India joins global community to support Afghanistan

Bonn: India on Monday joined the rest of the world in pledging a long-term engagement with Afghanistan for its transformation into a peaceful and prosperous country so that international terrorism does not again find a sanctuary there.

A communique issued at the end of an international conference on Afghanistan, chaired by Germany and attended by more than 100 countries including India to chart the future course for the restive-nation, said "the main threat to Afghanistan security and stability is terrorism" which also "endangers regional and global peace and security".

It affirmed the international community`s "common determination to never allow Afghanistan to once again become a haven for international terrorism".

Addressing the conference, External Affairs Minister S M Krishna, hinting at Pakistan, said terrorism emanating from outside Afghan borders posed potent threat to Afghanistan and warned that the war-torn country could "slip back" by outside interference in its internal affairs.

He underlined India`s pledge to support Afghanistan`s development while saying that the world community`s commitment to ensuring its stability and security should not end after international forces leave that nation in 2014.

The communique of the conference, aimed at ensuring international financial and technical support continues after the NATO troops withdraw in 2014, said the withdrawal of international troops should be followed by a decade of transformation so that Afghanistan is put on the path of "sustainable and equitable growth".

"We stress the need for a political solution in order to achieve peace land security in Afghanistan," the conference`s final conclusions said.

Recognizing the regional dimensions of terrorism and extremism, including terrorists safe havens, the communique stressed the need for "result oriented regional cooperation towards a region free from terrorism in order to secure Afghanistan and safe guard our common security against terrorist thereat".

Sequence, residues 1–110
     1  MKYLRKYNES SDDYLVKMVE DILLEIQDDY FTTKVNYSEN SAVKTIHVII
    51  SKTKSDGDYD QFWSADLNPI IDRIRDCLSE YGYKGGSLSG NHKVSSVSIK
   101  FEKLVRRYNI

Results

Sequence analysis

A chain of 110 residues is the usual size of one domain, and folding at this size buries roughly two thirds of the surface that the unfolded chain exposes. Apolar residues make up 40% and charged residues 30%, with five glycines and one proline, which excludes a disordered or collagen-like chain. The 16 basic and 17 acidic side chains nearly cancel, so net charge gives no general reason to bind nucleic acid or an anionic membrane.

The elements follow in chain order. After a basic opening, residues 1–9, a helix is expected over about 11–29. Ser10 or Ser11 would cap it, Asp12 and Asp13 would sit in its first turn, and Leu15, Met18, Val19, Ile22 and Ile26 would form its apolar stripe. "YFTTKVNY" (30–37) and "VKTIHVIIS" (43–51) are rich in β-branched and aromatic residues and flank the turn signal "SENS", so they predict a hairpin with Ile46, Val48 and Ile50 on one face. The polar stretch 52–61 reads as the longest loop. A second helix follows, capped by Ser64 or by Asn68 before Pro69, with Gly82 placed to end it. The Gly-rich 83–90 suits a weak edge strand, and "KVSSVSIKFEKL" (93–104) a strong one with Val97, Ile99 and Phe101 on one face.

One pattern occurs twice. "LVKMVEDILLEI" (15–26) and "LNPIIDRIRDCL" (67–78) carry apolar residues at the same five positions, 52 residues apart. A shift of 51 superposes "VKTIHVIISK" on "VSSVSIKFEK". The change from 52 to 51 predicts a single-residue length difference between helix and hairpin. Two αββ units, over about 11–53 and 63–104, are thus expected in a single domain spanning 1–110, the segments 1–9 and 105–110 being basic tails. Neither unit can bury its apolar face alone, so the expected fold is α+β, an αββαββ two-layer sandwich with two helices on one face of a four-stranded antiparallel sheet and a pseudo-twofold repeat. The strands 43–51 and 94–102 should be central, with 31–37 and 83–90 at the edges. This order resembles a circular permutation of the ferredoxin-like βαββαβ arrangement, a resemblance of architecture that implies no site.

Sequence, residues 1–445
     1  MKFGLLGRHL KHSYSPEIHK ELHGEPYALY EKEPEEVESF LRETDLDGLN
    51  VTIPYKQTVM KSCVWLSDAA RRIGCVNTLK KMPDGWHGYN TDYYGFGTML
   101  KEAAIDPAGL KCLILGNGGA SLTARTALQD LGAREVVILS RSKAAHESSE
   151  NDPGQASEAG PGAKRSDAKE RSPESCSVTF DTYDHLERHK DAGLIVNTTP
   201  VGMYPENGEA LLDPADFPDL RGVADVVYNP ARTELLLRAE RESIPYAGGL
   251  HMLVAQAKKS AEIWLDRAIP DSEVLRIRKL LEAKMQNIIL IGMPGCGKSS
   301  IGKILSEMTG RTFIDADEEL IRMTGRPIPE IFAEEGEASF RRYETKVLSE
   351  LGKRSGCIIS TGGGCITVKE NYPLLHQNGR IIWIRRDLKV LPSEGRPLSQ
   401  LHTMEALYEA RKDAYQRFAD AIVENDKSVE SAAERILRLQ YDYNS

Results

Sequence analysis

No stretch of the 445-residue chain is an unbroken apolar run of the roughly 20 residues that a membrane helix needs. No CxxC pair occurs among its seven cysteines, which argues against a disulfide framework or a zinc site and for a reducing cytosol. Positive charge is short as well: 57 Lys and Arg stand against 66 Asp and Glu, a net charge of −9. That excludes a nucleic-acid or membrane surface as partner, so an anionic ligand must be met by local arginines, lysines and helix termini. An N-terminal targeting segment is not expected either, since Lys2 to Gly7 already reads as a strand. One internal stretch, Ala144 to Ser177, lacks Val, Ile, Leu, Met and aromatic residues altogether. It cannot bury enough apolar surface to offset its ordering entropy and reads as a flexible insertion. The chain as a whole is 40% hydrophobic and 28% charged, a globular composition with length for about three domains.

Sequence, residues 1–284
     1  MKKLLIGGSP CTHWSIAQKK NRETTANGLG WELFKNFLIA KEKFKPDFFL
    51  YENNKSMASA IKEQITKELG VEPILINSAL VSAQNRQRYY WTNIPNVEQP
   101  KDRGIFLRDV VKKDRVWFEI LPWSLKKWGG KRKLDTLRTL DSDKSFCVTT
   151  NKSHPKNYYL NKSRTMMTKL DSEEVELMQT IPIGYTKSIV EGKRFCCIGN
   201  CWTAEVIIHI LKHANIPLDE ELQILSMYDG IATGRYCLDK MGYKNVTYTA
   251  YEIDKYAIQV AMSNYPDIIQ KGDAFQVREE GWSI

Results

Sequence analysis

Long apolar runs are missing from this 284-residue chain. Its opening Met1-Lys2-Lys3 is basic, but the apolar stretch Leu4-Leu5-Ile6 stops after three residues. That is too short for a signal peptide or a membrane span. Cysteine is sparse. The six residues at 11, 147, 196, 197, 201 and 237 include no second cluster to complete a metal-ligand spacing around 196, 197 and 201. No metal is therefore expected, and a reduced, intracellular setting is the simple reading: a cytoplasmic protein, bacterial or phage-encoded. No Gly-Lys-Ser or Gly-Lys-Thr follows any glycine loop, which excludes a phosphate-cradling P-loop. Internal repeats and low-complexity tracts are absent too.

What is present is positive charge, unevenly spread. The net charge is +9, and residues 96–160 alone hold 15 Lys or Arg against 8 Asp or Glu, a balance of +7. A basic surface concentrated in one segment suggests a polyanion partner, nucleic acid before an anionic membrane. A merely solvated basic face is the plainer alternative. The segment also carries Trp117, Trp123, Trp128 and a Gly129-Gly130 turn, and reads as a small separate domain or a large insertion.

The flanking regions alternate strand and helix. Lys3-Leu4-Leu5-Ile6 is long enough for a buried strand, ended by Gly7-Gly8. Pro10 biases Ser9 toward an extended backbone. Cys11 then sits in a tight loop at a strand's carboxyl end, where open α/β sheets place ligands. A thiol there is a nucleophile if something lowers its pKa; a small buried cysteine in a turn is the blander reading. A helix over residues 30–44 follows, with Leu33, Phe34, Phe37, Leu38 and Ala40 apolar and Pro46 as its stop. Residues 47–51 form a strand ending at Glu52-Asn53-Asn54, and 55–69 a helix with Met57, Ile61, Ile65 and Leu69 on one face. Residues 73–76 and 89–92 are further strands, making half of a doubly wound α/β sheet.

It underlined the need for "political solution" to achieve peace ans security in Afghanistan. It called for "political process" for which "negotiations and reconciliation are essential elements" in order to ensure enduring stability in the country.

The communique underscored the process of transition that should be followed by "a decade of transformation".

The international community shared Afghanistan`s aim of achieving self reliance and prosperity through developing its human and resources potential for a sustainable and equitable growth and improved standards of living.

Participants at the conference, including US Secretary of State Hillary Clinton, German Chancellor Angela Merkel and UN Secretary General Ban Ki-moon vowed to stand by Afghanistan as it struggles to establish security and stability.

"This renewed partnership between Afghanistan and the international community entails firm mutual commitments in the areas of governance, security, the peace process, economic and social development, and regional cooperation," the conference`s final conclusions said.

"The protection of civilians, strengthening the rule of law and the fight against corruption in all its forms remain key priorities."

The meeting came 10 years after another conference here put an interim Afghan government under Hamid Karzai in place after US-led troops ousted the Taliban in the wake of the September 11 attacks.

However, Pakistan – seen as a key actor to bring the bloody strife in Afghanistan to an end – decided to stay away from Bonn.